US dollar
The dollar bounced off a two-year low on Tuesday as selling pressure faded ahead of a Federal Reserve meeting and as political wrangling over the next U.S. fiscal rescue package moved closer to a conclusion. The world’s reserve currency has been tumbling since May and was dumped in recent days as cracks in the U.S. coronavirus recovery and crumbling yields sent investors elsewhere.
On the virus front, U.S. infection rates may be stabilising, with a 2% drop in the number of new cases last week – but the economic impact of curbs to restrict its spread and of job losses are only beginning to be felt. Global Covid-19 deaths topped 650,000, with the number of cases topping 16.4 million as of July 28, according to Johns Hopkins University data.
The Japanese yen weakened 0.4% to sit just below its strongest since mid-March at 105.55, and the euro was last 0.2% softer at $1.1728. GBP/USD trades back above 1.2850, pressured by broad US dollar recovery.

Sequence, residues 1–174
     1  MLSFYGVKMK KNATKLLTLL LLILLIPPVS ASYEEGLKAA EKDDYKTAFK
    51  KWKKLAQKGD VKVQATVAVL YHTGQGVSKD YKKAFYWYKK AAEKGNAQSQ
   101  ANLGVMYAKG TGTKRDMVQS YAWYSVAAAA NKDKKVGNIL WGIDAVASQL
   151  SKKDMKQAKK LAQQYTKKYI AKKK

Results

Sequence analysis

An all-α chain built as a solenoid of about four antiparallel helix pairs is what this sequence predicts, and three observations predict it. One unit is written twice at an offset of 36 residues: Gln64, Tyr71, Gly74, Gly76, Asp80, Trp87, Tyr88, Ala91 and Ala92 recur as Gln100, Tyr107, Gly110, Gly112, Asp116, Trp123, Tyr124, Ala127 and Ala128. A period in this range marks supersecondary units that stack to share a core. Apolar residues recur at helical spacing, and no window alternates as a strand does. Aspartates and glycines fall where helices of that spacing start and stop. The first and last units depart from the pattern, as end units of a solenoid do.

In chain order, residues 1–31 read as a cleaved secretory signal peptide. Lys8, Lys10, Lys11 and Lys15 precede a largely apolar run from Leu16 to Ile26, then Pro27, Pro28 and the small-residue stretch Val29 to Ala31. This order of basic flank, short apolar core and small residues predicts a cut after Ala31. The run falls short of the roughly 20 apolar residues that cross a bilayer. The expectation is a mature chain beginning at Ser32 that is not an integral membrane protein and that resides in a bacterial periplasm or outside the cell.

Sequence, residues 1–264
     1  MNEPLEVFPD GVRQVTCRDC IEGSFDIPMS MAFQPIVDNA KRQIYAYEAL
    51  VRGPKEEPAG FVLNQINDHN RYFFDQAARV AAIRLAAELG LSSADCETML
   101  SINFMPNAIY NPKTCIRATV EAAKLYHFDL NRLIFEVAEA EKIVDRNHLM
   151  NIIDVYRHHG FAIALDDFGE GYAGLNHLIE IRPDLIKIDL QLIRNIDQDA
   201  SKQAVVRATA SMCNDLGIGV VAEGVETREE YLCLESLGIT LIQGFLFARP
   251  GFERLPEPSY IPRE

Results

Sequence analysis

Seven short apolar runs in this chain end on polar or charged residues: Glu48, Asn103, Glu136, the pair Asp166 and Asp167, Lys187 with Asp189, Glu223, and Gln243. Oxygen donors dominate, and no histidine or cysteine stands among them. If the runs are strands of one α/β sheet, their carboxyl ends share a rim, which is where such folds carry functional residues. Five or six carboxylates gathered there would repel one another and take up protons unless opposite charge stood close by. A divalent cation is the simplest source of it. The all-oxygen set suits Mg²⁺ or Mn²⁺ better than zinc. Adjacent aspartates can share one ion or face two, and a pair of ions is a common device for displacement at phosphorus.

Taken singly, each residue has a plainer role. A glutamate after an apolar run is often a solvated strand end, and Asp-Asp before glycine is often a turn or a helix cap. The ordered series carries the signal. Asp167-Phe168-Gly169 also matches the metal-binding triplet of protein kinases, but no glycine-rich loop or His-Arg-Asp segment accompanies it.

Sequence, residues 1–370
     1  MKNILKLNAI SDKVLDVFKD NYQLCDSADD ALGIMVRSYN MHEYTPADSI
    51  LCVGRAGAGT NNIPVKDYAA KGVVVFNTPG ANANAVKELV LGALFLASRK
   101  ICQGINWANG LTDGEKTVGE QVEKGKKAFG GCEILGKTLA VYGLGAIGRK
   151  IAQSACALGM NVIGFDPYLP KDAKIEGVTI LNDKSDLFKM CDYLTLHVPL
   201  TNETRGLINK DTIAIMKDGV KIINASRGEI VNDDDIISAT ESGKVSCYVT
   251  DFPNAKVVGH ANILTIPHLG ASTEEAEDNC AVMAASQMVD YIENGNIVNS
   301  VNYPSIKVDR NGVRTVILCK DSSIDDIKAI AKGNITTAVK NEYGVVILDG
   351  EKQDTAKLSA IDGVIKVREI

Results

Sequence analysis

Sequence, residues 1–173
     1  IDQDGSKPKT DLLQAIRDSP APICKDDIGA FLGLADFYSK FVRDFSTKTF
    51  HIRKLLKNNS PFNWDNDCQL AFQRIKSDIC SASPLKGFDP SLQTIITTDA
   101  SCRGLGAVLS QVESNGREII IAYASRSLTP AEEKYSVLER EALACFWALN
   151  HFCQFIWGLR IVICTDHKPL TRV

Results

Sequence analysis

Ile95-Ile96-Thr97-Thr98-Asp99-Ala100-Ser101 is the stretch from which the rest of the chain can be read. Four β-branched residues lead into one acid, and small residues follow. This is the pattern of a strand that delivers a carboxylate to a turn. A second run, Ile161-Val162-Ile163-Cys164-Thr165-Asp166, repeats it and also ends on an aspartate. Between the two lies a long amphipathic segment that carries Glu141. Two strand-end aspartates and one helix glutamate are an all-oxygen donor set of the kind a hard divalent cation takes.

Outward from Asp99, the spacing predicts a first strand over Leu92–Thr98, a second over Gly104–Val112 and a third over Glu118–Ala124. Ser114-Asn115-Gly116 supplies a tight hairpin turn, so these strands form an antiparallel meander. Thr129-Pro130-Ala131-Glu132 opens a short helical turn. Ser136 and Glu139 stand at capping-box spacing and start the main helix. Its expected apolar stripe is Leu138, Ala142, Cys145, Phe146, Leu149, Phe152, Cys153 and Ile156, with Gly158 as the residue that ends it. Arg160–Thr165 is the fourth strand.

Oil prices were largely unchanged Tuesday, with U.S. crude futures traded 0.3% lower at $41.49 a barrel, while the international benchmark Brent contract rose 0.1% to $43.92. Traders will be watching out for U.S. inventory data due from the American Petroleum Institute industry group later today.
Gold prices hit a record high on Tuesday morning in Asia, supported by a weakening dollar that is driving demand for the safe-haven yellow metal, however the yellow metal dropped nearly $35 in the following session.
In the absence of any major market-moving economic releases from the UK and the EU, focus shifts to the US economic docket with the release of the Conference Board’s Consumer Confidence Index and Richmond Manufacturing Index.